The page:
Bonding by giving back
Cyclones built team chemistry through tornado recovery
AMES — On July 19, the Iowa State University football program was just getting back on campus.
The new freshmen had barely even reported to campus, and the veterans were getting back in the swing of things.
It was just another day in the long wait for football season to get underway, until around 4:30 p.m. when the players saw something astonishing.
“We had a couple guys start texting each other like ‘yo, did you see what happened on the news in Marshalltown?’ and we all thought we had to get out there and help,” junior offensive lineman Julian Good-Jones said of the team’s reaction to an EF-3 tornado rolling through Marshalltown, less than 50 miles away from Ames. “I said ‘we really have to get the whole team involved, I think this is something that’s really important to this community and we really have to give back in this time because people are in need.'”
The next day after that fateful Thursday in July some of the Iowa State players came out to Marshalltown to see the destruction first hand and see if there was any way they could help out, but there was much more than only a few men could handle.
That was when the players approached head coach Matt Campbell about canceling the team meeting scheduled for that Saturday and instead going out and helping with the tornado recovery.
“It was actually a couple of our seniors that came to me, as well as Julian Good-Jones and a couple others in the group, but it had already crossed my mind, ‘hey, should we cancel? Should we go do this?’ and talking with some of our leadership team it was a no-brainer,” Campbell said.
The only thing that gave Campbell pause at first was the newcomers to the program that had only just gotten on campus, but when it was apparent they were all into the idea the plan was set.
“You never know because the freshmen had just gotten here, but that’s when I knew that no matter what happens this season, we’ve got a really good group of kids,” Campbell said. “That doesn’t give you anything, it doesn’t give you wins or losses, but what does give you is a chance.”
While Good-Jones was a central part of the group that came to Campbell about going to help, he said the idea was much more than just his own.
“The whole team was really amped up to go and it was a whole team effort. It wasn’t just me, a lot of guys were mentioning going out there so we just made it happen,” he said. “A couple of guys texted [director of football operations Greg Brabenec] and got it going.”
Bright and early that Saturday morning, the Cyclones filled three big charter buses and made their way to Marshalltown.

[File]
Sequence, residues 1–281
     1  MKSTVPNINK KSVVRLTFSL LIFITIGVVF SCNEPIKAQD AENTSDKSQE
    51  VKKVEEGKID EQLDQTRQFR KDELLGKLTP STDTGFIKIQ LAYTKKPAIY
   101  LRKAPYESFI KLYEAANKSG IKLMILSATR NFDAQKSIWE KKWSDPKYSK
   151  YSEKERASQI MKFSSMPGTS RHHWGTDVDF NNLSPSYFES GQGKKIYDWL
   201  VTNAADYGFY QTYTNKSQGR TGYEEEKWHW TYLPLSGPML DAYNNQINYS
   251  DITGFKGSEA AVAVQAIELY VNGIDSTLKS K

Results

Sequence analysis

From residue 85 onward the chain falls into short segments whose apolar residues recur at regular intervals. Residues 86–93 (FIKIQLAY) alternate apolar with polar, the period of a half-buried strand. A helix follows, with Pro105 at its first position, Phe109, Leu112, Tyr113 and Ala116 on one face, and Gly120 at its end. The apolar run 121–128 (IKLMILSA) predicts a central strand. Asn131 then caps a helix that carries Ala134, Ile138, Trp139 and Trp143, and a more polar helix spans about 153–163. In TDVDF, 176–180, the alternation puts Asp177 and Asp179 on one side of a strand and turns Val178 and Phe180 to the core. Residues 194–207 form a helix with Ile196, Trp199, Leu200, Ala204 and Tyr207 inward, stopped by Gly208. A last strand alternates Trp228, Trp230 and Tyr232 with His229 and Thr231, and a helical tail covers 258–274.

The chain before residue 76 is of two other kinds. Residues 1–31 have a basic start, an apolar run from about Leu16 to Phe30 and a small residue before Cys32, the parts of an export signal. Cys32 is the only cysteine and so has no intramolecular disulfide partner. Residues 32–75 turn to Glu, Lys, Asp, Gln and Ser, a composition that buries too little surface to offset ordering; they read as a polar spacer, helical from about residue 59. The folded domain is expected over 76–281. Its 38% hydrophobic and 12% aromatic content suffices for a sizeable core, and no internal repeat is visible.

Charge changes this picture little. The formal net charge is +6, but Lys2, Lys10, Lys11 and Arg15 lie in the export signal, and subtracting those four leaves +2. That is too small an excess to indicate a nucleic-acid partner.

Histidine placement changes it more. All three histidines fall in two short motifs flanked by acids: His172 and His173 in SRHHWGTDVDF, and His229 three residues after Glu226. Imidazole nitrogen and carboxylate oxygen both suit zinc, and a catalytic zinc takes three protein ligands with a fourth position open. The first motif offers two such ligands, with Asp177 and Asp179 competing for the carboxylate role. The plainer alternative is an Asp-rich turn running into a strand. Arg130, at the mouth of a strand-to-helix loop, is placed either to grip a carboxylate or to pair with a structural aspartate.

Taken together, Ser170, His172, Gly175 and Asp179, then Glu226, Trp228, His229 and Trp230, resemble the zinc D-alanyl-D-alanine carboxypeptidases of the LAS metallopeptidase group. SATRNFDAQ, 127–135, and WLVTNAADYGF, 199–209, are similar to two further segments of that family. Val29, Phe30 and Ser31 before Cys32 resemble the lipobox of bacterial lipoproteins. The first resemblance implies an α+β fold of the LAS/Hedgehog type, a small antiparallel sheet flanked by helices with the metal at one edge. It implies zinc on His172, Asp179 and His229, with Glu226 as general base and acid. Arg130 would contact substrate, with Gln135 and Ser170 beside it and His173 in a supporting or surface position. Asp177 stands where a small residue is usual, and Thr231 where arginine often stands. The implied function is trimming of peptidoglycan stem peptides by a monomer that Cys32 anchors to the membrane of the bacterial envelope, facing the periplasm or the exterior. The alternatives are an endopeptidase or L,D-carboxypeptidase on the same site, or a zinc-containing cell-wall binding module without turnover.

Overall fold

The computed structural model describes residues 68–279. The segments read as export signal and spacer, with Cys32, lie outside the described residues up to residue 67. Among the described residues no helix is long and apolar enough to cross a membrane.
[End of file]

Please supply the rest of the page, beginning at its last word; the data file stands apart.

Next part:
“I never saw a tornado site like that before, so at first it was kind of shocking,” Good-Jones said. “We took the bus in and were kind of looking out and seeing that stuff, it really made me feel good that we came. This is a time that we really needed to come together, and it was a good experience. Everybody was out there ready and willing to help and I feel like we got some good stuff done.”
The ISU players spread out, with two buses dropping off at Rogers Elementary School and one at Woodbury Elementary School, which were both in the tornado’s path.
As soon as the Cyclones filed off the buses they went to work, lifting heavy downed branches and debris, taking apart garages and even moving cars.
“I watched those kids work, and I watched those kids give back and interact, and what was powerful was not only watching our kids do that, but watching this town — who was devastated in some way, shape or form — and the entire community is out there helping each other, working with each other hand in hand.”
While out there working the Cyclone players endeared themselves to the citizens of Marshalltown and got their hands dirty with the recovery, but they also found yet another way to bond as a team before the season starts.
“I feel like since the [Liberty Bowl] the team has grown tighter and tighter every day,” Good-Jones said. “We are in the locker room, we’re hanging out, and just to do something like that means the world to us to be able to help the community like that.”
Campbell said as the coach of these young, developing men, watching them give themselves to the recovery in this grave time of need solidified that they are teaching their players the right things.
“I think the perspective, our job as coaches — yes football is important and this is collegiate athletics — is to continue to foster a culture where our kids have the opportunity to grow not just as football players but as young men,” Campbell said. “I thought it was a really powerful day for us, and I thought it was really powerful just to watch our kids interact with not only each other but with this community.”